TEMPE, Ariz. -- Former first-round pick Chris Withrow is in the role of Rubby De La Rosa from a year ago, a Double-A prospect who looks like he's ready to help the Dodgers sometime this year.
De La Rosa made that impression last spring after half a season at Double-A. He was in Los Angeles by May but undergoing Tommy John surgery by August.
The Dodgers don't want a replay with the Withrows and Nathan Eovaldis, so they signed Aaron Harang (three innings, one run Monday) and Chris Capuano (he starts Tuesday) to fill out the starting rotation. But Withrow, ranked by MLB.com as the Dodgers' seventh-best prospect, took his turn Monday after Harang, keeping the Angels scoreless for 2 2/3 innings, which included getting Albert Pujols to ground out.
"He looked good," manager Don Mattingly said. "He was really sharp. You talk about Chris and Nathan. Chris might have the best stuff in the system. He has a chance to be really, really good. He's coming. What we're seeing is pretty good."
Mattingly said, however, that the plan is not to use Withrow or Eovaldi as a reliever just to get them to the big leagues. That's why the Dodgers have a large group of non-roster invitees in camp battling Josh Lindblom for the last bullpen spot.
"We don't want to stop his progress," Mattingly said of Withrow. "Last year we did it [in September] with Nate to keep his innings down and give him experience. We didn't want to shut him down completely."
Withrow is 22 and pitched at Double-A Chattanooga for the second full season last year, going 6-6 with a 4.20 ERA.
Ethier returns from mid-back stiffness
GLENDALE, Ariz. -- Outfielder Andre Ethier returned to the Dodgers' lineup Monday after being scratched Saturday with a recurrence of mid-back stiffness.
Manager Don Mattingly originally planned to have Ethier be the designated hitter in the game against the Angels in Tempe, Ariz., but Ethier and trainer Sue Falsone agreed that he would be better off playing the outfield instead of sitting in the dugout for extended periods, Mattingly said.
"It sounds like he's totally fine," said Mattingly. "I didn't know if DH would be better for him, but she felt to keep him running would be better for him."
Ethier played five innings and went 1-for-3 with an RBI double in the first inning of the Dodgers' 9-1 win.
Ethier has had back issues since moving boxes at home just before camp opened. Nonetheless, he is off to a fast start offensively, going 5-for-8 with a home run and four RBIs coming off September knee surgery.
Mattingly said infielder Russell Mitchell will be held out of games for a day or two as a precautionary measure after slightly hyperextending his arm. He was able to do all activities.
Despite homer tear, Rivera still refining swing
TEMPE, Ariz. -- Juan Rivera is a man of few words in any language, but the Dodgers picked him up to hit, not to talk.
After starting the spring 0-for-9, Rivera is on a home run tear, slugging three in his last three games. He homered, doubled and drove in four runs Monday in a 9-1 win over his former club, the Angels.
Despite the recent power surge, Rivera said he's still not where he wants to be by Opening Day.
"My swing is not 100 percent. I don't care about the home runs," said the shy Rivera, who was claimed for the $20,000 waiver price from Toronto at the All-Star break last summer and drove in 46 runs, second highest second-half total on the club, with a .344 average when runners were in scoring position.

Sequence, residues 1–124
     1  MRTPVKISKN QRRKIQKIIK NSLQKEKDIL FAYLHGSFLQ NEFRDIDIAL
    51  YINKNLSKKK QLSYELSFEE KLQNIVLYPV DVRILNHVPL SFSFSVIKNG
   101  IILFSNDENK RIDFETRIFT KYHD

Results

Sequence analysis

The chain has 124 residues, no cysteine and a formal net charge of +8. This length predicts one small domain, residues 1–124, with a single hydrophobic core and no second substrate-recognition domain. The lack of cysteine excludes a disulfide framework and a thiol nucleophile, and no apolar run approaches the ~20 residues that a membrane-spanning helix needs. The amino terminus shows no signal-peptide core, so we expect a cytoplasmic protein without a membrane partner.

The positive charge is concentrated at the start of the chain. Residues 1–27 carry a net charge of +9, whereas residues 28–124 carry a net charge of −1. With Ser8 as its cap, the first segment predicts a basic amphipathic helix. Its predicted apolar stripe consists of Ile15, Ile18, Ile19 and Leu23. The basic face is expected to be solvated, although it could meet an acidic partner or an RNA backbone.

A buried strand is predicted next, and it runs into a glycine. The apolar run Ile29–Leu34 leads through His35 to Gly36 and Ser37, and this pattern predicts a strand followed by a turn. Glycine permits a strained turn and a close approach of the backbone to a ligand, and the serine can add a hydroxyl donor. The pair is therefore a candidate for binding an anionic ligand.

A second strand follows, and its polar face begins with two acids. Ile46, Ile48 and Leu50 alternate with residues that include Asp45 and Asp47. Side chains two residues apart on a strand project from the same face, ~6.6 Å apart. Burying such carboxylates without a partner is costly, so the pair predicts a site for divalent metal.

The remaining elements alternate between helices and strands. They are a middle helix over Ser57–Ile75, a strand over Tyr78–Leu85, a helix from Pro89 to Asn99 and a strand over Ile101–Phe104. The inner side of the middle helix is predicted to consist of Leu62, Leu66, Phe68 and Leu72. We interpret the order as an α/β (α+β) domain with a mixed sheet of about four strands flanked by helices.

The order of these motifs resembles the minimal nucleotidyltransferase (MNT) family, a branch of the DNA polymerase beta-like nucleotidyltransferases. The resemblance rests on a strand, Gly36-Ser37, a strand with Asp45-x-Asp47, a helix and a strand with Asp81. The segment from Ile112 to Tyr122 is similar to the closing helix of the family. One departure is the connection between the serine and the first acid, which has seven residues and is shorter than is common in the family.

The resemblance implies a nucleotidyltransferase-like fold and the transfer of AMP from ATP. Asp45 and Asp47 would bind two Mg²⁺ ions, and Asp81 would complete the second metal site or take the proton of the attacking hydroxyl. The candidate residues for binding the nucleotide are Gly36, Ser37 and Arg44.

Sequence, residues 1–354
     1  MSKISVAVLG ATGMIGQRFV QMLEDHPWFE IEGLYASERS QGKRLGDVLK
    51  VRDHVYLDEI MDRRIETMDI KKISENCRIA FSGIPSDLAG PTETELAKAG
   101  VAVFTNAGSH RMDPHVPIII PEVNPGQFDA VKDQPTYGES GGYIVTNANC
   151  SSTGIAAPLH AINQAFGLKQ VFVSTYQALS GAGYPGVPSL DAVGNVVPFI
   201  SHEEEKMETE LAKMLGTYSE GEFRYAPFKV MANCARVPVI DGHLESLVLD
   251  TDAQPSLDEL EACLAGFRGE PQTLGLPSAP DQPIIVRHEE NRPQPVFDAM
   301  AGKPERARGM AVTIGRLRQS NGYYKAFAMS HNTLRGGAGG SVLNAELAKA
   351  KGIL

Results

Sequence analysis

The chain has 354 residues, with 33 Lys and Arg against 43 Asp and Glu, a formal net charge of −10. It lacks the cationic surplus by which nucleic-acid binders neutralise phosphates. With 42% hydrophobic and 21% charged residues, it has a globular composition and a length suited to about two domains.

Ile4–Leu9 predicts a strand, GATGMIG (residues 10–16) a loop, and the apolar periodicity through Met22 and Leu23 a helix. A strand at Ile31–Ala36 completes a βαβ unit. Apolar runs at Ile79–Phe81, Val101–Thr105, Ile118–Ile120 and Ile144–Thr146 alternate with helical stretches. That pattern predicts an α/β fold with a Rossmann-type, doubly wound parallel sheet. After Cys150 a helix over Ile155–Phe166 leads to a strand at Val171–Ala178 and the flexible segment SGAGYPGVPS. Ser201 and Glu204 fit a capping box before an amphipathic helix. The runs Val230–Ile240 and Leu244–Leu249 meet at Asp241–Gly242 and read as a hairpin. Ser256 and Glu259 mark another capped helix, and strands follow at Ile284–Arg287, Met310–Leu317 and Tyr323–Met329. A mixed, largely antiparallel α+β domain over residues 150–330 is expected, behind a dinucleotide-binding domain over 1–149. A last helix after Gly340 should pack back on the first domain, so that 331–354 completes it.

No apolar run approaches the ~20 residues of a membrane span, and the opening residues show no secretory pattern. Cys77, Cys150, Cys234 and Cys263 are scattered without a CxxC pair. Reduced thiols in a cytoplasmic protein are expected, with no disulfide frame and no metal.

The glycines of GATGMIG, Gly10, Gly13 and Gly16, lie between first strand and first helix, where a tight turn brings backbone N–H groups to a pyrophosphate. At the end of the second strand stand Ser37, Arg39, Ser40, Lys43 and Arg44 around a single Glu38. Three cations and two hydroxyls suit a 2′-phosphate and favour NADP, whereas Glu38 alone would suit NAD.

That was good enough for the Dodgers to bring him back with a one-year deal for $4 million contract and an option/buyout for 2013. Returning was an easy choice for Rivera, too.
"I was comfortable when I got to L.A.," he said. "That's why I wanted to come back. I know the city, the stadium is good for a hitter. I like the National League."
Roadblocks to roster don't deter Sellers
TEMPE, Ariz. -- After a 36-game taste of the Major Leagues last year, infielder Justin Sellers saw the Dodgers sign not one, not two, but three free-agent infielders (Mark Ellis, Jerry Hairston and Adam Kennedy) over the winter.
"It was frustrating a little bit, but it made me work harder and gave me a little fire to come out and work my butt off, that's what it did for me," said Sellers, who slugged a three-run homer in Monday's 9-1 over the Angels.
Sellers, a long shot to make the Opening Day roster if the veterans are healthy, had a pretty good adviser on the battle of making it and sticking. His father, Jeff Sellers, pitched parts of four seasons with the Boston Red Sox, which also means he pitched parts of four seasons in the Minor Leagues.
"My dad talked about it all the time," said Sellers. "You can't control that. I just have to play my game every day. Of course he's a big influence being there for me. He would tell me stuff he saw when he was playing. Kennedy, Ellis, those are vets and I can't control it. I just have to play as hard as I can to help this team."
Sellers, who hit .203 in his debut stint, is batting .385 this spring. Manager Don Mattingly said Sellers won't be helping the Dodgers by trying to hit home runs.
"When he got back to the dugout, the first thing I told him was to hit the ball to right field next at-bat," Mattingly said. "He knows he has to. He led the team in fly-ball percentage last year. I don't want to see him trying to hit home runs. We know he can pick it. We know he's not afraid. He has to keep working on his swing to keep the ball down."
Ken Gurnick is a reporter for MLB.com. This story was not subject to the approval of Major League Baseball or its clubs.